How to remove stains from Crissy family dolls

You get the deal of your dreams! A Cricket doll for $15, but {sigh} her face is covered with red ink. Just how are you going to safely get that off?

Yes, this really happened! I got a great BIN price on a Cricket doll ($15) but sadly, her face was covered in red ink and another reddish pigment, assumed to be old make-up that had been dissolved into the plasticizer of the doll (making it permanent, unless bleached out). I get many emails looking for directions on how to bleach a doll's face and arms, so here we go! The perfect doll just arrived in the archive. She needs our help. Here she is. There is red ink on her eyebrows, at the corner of each eye, and there is generous amounts of red staining on her temples, below the apples of her cheeks, and around her mouth.

Here is how I do it.

Start with a tube of Oxy-10 zit cream. That is the brand name. But you might be interested in buying a knock-off or a generic version. Same product, but big price difference. I use Wal-Mart's Equate brand. Good stuff and less than $2 a tube.

Purchase the white cream. This type of product comes in a gel and also in a "vanishing" cream. It is flesh-toned. The creamy product is what you are looking for. Why? It's easier to see where you are applying it. The gel has a tendency to dry quickly too.

You will also need a piece of cellophane, cut slightly larger than the stained area.

Apply a thick coat of the zit cream on the stain.

Cover the cream with the cellophane. The keeps it from drying so fast.

Change it daily until the stain is completely diminished.

This can take awhile. The stain has been there for decades so in reality, applying, removing, reapplying, etc. for a couple weeks is a relatively short time.

This is what Cricket looks like while her face is bleaching. Since there is such a large area to bleach, I will work on the forehead and eyes area first, then follow up on the cheeks and lip area.

After 3 days, she is on her first removal and replacement of the zit cream. She is about 40% bleached.

Here she is after 8 days. Wow! We are at about 85% now. There are no more red stains on her cheeks, temples and mouth area.

We're at ten days... Cricket spent a couple hours in the warm car while we watched a movie. Look at this! She's at about 95% now. The pink is gone at the corners of her eyes. Just a smidge left on the outer areas of her eyebrows. Won't be long now.

A week later, a total of seventeen days and we finally can see the fruits of our labor! That last 5% was tough. The red ink was deep in the vinyl and it took another seven days, replacing the product daily on just the farthest outside edges of her eyebrows, to remove the color. Now she has had her hair straightened per the directions found on this site and she is dressed in one of the Sew Simple outfits. She is borrowing a number one Velvet's undies and shoes and doesn't she look smashing!

Sometimes, established collectors will admonish new collectors to sit the doll in the sun while she bleaches. This does speed up the process but I can't condone it. There are two reasons. The first is that UV rays from the sun are very effective at initiating plasticizer breakdown. Your doll needs plasticizer to keep her pigment and to keep the vinyl soft. Also, after only a few hours, it causes the Oxy-10 to remove the actual pigment in the vinyl. It's very risky. What is really happening is that the warmth from the sun is warming up the product. Oxy bleaches work best when warm, as all hairdressers know (this is why we cover the product and the processing hair with plastic and place you under a warm dryer). If I will be "around" then I will warm up the product a couple times a day with a warm (not hot) blow dryer. It won't dry since it's covered with cellophane.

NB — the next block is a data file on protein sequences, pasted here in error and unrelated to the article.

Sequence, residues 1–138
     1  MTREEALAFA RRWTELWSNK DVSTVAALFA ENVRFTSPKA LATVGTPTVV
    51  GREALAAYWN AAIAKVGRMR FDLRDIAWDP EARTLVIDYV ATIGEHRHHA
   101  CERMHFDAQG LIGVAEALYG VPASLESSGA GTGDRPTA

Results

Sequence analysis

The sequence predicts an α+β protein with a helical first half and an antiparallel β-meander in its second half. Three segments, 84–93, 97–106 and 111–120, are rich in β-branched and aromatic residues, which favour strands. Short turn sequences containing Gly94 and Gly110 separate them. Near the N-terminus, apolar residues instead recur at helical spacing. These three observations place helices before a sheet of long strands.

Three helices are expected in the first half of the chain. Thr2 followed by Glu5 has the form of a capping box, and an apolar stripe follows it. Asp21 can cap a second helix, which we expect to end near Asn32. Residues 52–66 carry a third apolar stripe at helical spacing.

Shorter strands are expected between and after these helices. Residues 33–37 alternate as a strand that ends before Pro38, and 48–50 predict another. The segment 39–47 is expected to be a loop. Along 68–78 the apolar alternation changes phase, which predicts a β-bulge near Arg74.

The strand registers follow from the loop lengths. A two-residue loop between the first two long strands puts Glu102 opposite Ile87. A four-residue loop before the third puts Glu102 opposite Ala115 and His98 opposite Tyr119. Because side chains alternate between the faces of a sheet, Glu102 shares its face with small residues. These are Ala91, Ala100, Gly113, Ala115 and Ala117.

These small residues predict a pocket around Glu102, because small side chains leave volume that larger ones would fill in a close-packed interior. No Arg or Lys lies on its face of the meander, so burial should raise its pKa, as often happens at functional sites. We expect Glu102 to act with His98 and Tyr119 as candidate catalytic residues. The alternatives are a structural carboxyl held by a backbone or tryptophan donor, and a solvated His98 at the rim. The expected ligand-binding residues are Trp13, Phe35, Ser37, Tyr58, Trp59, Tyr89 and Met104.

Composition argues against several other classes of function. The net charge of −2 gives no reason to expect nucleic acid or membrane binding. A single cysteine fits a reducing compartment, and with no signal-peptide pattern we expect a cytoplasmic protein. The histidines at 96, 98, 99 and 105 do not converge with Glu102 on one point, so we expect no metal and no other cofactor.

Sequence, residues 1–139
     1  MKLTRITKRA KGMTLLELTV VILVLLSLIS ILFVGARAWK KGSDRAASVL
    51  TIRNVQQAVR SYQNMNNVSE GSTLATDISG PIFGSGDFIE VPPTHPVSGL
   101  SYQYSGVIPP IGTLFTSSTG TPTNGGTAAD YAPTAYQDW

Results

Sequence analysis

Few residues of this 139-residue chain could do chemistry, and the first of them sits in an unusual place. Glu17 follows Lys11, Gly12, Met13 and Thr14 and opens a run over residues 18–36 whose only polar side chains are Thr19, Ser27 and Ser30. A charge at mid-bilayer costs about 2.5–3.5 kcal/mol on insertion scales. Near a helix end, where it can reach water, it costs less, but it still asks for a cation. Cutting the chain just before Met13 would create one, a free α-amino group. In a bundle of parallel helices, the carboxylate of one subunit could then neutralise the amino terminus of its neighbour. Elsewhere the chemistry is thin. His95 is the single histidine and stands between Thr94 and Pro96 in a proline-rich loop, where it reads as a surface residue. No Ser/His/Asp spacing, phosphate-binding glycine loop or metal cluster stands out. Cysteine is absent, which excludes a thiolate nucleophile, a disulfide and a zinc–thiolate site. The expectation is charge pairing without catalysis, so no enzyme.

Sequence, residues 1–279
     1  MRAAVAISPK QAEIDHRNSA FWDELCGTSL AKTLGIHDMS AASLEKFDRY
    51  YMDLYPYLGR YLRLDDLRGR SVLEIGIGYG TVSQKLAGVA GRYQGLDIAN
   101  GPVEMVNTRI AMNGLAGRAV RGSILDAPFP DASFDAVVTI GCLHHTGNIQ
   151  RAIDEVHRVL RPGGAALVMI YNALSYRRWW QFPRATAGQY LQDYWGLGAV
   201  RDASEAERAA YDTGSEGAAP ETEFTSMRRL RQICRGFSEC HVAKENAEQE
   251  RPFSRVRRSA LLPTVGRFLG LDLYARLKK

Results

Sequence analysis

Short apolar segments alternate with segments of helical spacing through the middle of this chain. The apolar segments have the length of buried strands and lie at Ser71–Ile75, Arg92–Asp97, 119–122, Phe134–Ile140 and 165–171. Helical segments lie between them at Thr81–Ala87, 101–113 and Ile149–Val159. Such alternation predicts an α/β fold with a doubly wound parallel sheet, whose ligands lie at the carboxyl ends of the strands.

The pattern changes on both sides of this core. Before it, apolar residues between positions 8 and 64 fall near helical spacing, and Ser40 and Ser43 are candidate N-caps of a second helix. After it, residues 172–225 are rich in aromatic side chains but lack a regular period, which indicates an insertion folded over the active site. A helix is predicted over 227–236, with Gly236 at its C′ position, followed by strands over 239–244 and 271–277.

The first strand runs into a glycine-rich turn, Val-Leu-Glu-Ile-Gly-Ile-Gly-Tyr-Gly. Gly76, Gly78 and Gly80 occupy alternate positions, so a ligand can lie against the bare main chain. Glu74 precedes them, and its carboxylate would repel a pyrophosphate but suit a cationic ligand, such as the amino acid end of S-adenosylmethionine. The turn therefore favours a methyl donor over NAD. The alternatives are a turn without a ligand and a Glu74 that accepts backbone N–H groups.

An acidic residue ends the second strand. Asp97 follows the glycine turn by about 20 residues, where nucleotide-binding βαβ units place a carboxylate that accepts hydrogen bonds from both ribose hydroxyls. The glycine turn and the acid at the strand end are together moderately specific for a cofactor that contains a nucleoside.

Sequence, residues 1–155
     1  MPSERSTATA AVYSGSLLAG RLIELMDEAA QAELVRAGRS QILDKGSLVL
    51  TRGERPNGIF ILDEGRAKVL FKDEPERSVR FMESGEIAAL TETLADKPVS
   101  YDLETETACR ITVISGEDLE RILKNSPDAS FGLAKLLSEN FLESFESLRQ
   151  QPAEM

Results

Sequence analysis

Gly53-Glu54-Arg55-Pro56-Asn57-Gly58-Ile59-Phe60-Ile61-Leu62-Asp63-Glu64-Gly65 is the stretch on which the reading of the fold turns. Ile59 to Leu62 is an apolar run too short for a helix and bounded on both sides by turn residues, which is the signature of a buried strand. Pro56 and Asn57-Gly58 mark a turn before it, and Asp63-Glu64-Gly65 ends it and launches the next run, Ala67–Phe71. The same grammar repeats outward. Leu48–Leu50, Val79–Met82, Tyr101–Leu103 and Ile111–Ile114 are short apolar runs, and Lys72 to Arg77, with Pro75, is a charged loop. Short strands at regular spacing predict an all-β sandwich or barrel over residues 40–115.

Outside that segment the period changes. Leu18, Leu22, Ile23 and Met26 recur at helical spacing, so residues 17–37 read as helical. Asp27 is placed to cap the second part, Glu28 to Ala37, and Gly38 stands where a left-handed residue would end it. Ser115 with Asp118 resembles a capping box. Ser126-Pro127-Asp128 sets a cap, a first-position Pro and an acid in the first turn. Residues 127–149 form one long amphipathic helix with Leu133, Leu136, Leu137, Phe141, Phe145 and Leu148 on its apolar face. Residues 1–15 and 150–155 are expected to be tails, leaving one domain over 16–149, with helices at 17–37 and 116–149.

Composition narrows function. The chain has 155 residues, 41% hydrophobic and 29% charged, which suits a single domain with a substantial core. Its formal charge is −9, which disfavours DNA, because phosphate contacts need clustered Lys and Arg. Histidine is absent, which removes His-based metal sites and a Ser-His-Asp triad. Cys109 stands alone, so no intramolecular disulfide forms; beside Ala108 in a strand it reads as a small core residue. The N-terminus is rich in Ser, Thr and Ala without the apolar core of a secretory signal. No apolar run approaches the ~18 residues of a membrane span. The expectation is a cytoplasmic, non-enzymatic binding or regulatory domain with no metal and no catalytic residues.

Another thing one can do, is place the doll in a very warm car parked in the sun. Check it after every half hour. This is my preferred method for keeping the oxy-bleach warm and to speed up the bleaching process. No UVs... and it's fast.

Just a note... the styrene plastic body and legs clean really well and don't normally need to be bleached.

Results:

Day One - On the first day, about 90% of the red on Cricket's forehead is gone. The ink staining is heavy on her eyebrows. I will retreat that area now with a heavy coating and also concentrate on the corners of her eyes, taking care not to get it in her eyes.

Day Three - At this point, about 40% of the ink is gone. I've been very busy these three days... so I've not been warming up the bleach to speed up the process. Still, I'm very happy with the results thus far.

Day Eight - WOW! I left her for a couple hours in my parked car at work. She is about 85% now. Won't be long!

Day Ten - I really like keeping the bleaching product warm in a car on a sunny day. Seems very efficient and I don't have to worry about UV rays from the sun breaking my doll down prematurely.

Day Seventeen - Every day, I have changed the oxy product and placed it only on her eyebrows. This must have been very deep-seated staining. I don't think I've ever seen it this stubborn. She has also spent a couple days in a sun-warmed car to accelerate the bleaching process. Based on the final picture above, isn't she a great addition to the archive and for only $15!

I hope this page is helpful for you. It's really a very easy process. I know you can do it. However, I cannot guarantee that you will have absolutely perfect success. I say this because sometimes the offending stains are so deep in the doll's vinyl that bleaching for a long period of time might actually start removing her pigmentation. It's a risk, granted, but I think most collectors are willing to take it, especially if you find a great doll at a great price like our model doll above. Best wishes to you!!

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May, 2007, by Beth-Ellen Colvin